A federal appeals court has affirmed a lower court injunction that barred early streaming service IVI from rebroadcasting network and TV station signals over the Internet. IVI, which launched in 2010, had argued that it was the same as a cable system and should be allowed to retransmit the signals … Read More »
Barry Diller is taking BarryDriller to court. In a 12-page complaint filed against Alki David and BarryDriller.com Tuesday in Los Angeles federal court (read it here) the media mogul alleges David is using his name to profit … Read More »
Digital entrepreneur Alki David has a characteristically tough sounding response to the suit against his BarryDriller streaming video service that Fox filed yesterday at U.S. District Court in California. ”Bring it on Fox, you have no idea what you have just done,” he says. But the company’s case against BarryDriller is consistent with the arguments that Fox and other broadcasters have raised against Aereo — the Barry Diller-backed service that also offers subscribers online streams of over-the-air programming. The complaint notes that since Tuesday the defendant, BarryDriller Content Systems, has infringed on Fox’s copyrights and trademarks by retransmitting its broadcast shows without the company’s permission. It specifically cites Fox-owned shows taken from KABC, and KTTV. “The rights to transmit Plaintiffs’ programming over the Internet and to portable devices are extremely valuable,” Fox says. It wants the court to enjoin the BarryDriller service and require it to pay unspecified damages. David and Aereo have said they’re just offering programming that broadcasters already make available for free. Fox says, though, that “No amount of technological gimmickry by Defendants changes the fundamental principle of copyright law that those who wish to retransmit Plaintiffs’ broadcasts may do so only with Plaintiffs’ authority.” Read More »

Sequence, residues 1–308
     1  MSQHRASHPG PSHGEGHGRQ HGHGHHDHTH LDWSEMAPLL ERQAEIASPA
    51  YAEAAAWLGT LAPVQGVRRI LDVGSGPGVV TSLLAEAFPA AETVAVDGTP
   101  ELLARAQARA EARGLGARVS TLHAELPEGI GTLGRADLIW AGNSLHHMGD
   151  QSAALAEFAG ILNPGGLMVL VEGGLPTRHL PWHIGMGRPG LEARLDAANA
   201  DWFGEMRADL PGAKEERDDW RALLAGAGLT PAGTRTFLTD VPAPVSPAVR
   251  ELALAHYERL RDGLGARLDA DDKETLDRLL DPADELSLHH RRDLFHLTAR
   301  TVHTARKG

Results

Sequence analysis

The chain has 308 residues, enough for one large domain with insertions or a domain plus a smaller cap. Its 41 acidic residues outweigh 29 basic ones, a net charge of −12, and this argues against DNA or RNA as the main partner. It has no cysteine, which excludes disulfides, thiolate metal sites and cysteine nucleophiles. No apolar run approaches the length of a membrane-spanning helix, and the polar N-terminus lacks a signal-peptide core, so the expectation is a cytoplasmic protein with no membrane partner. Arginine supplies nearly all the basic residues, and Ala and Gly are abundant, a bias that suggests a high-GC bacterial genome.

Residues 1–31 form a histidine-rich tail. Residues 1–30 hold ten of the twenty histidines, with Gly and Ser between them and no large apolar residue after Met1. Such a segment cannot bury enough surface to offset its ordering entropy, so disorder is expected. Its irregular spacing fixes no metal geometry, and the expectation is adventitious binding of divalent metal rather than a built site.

The CEO told analysts this evening he’s “very confident” that the copyright infringement charges that CBS and other broadcasters are raising against Aereo will prevail in U.S. District Court. That appeared questionable last month when Judge Alison … Read More »
The broadcasters who provide free TV won’t like this new twist on that concept. Aereo says that it will offer consumers its controversial streams of local TV stations’ programming without charge for an hour a day in its first market, New York City. The change is part of an overhaul of its pricing that’s designed to entice additional people to try the service. But it’s sure to infuriate broadcasters who say Aereo infringes on their copyrights. The Barry Diller-backed service uses tiny antennas to capture TV station signals which it transmits online to subscribers’ computers and mobile devices, adding DVR-like recording and playback capabilities. The hitch is that Aereo doesn’t pay broadcasters. The company says in its release today that “consumers have a fundamental right to access over the air television that broadcasts on the public airwaves, and that enhancing and supporting public access to that local broadcast signal is important.” Two weeks ago the major broadcast networks leading the fight against Aereo lost their effort to shut it down pending a trial on whether the service is legal. Although it has just launched in NYC, Diller recently said that Aereo will be in “every major American city” by the end of 2013. Read More »
Broadcasters who are already furious with Barry Diller’s $20.5M investment in Aereo may soon become even angrier. He tells Bloomberg TV from the Allen & Co retreat in Sun Valley that by the end of next year the service will expand from New York to “every … Read More »